Prison Telco Claims Prisoners Will Riot If Company Can't Keep Overcharging Inmate Families
from the amoral-majority dept
For many, many years interstate inmate calling service (ICS) companies have charged inmates and their families upwards of $14 per minute for phone calls. Because these folks are in prison, and as we all know everybody in prison is guilty, drumming up sympathy to convert into political momentum had proven difficult. But after decades of activism the FCC intervened last year, voting to cap the amount companies can charge the incarcerated. According to the FCC’s updated rules, ICS companies can no longer charge more than twenty-two cents per minute — depending on the size of the prison. Caps were also placed on the fees companies could charge those trying to pay these already bloated bills.
The companies profiting off of ripping off the incarcerated have unsurprisingly been fighting the FCC’s proposal tooth and nail in the courts. Global Tel*Link (GTL) and Securus Technologies managed to win a partial stay earlier this month (pdf) that put the FCC’s per minute price caps on hold until a lawsuit against the FCC is decided. FCC lawyers have argued (pdf) the stay still lets them apply older (2013) interim price caps on interstate calls to intrastate calls until the case is settled.
In response, Securus Technologies CEO Richard Smith filed an emergency motion in federal appeals court last week (pdf) in which he tried to basically claim that if the FCC moves to prevent inmates from getting ripped off, prisoners will riot:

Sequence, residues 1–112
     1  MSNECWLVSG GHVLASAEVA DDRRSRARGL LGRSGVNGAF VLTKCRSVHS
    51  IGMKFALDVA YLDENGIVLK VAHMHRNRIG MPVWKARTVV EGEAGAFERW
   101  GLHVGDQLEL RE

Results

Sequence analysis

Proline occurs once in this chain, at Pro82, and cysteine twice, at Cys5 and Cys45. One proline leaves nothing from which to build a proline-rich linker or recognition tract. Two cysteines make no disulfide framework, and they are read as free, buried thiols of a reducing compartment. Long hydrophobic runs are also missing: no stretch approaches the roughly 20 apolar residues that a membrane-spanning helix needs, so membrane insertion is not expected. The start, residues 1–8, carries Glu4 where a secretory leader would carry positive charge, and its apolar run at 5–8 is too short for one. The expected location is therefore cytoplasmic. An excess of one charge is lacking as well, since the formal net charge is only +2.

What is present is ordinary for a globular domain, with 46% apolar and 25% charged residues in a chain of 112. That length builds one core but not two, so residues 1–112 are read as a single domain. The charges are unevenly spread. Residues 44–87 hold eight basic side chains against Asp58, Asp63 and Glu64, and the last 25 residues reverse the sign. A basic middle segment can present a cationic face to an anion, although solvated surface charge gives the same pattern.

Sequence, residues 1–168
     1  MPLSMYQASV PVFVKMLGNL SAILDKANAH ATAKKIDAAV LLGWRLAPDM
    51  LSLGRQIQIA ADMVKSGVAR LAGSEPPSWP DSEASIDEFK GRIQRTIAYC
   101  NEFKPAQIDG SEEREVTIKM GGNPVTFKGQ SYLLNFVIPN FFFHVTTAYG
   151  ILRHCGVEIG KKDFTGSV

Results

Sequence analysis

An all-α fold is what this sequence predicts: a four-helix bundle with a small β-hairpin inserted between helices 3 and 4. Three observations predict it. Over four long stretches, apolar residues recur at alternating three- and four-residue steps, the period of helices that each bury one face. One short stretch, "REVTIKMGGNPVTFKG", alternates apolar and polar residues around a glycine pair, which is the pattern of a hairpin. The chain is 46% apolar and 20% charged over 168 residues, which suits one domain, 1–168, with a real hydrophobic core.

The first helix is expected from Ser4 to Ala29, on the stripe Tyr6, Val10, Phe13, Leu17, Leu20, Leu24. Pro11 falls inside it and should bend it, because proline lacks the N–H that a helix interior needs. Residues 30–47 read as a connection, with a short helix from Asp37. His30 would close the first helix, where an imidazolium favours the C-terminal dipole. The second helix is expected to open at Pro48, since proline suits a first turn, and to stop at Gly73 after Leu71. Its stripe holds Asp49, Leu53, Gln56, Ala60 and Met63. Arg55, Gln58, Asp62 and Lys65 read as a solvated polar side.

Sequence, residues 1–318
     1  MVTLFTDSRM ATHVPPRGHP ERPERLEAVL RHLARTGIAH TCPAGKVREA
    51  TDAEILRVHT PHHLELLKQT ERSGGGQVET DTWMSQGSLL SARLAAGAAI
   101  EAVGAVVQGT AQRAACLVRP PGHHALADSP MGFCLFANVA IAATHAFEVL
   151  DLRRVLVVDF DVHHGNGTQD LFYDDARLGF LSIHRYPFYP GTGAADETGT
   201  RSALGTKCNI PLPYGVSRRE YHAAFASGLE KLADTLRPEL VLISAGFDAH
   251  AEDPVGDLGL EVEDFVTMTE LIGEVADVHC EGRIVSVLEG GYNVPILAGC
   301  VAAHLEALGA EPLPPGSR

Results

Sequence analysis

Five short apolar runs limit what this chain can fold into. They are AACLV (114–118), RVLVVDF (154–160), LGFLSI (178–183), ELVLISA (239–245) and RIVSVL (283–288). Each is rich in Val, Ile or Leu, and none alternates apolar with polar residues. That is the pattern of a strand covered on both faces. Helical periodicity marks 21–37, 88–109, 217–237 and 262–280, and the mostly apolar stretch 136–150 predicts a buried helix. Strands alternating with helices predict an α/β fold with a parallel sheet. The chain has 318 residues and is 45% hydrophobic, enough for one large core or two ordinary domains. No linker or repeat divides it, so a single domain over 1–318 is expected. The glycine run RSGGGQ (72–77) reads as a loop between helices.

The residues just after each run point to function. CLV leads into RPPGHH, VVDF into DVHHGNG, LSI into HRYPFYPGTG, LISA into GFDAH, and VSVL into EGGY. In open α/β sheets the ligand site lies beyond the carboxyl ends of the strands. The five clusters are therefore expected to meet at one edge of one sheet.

“This chaos and confusion about what is the correct intrastate calling rate—and the only answer is that there is no federally mandated intrastate calling rate after the Court’s March 7 Order which stayed all new rates—will carry over into correctional facilities themselves. Inmates will be angry if they believe that Securus is charging the wrong rates. There could be damage to Securus phones and equipment, as well as a threat to overall security and corrections personnel including inmates within the facilities. Having been in this industry for eight years, I have experience with jail unrest and I know that issues with the phones can trigger it.”
In other words, if inmates that have been ripped off for decades suddenly believe they’ll be facing lower rates — and Securus keeps charging the higher rates — they’ll riot. While it’s incredibly sweet of the company to be so concerned with prisoner safety, it’s odd that Securus wasn’t all that concerned with inmates rioting earlier, given these companies have been charging Mercedes prices for what’s arguably a Yugo-grade product for the better part of a generation.
Keep in mind that voice services these days cost very little to actually provide. Also keep in mind that Securus and other such companies are part of a dangerously cozy and captive market, where prisons get paid upwards of $460 million annually in “concession fees” (read: kickbacks) to score exclusive, lucrative prison contracts. As a result, the service pricing and quality are just about what you’d expect. And as a hack of Securus late last year revealed, these contracts appear to involve helping government record potentially privileged attorney client conversations (Securus just settled a 2014 Texas case claiming precisely this).
So again, ripping off consumers for years? Ok. Working in concert with government to record privileged communications? Fine. Croynistic, monopoly control over a (literally) captive audience resulting in abysmal service? Sure! Trying to prevent inmate families from having to take out a second mortgage to speak to their loved ones? Inevitable riots, safety first!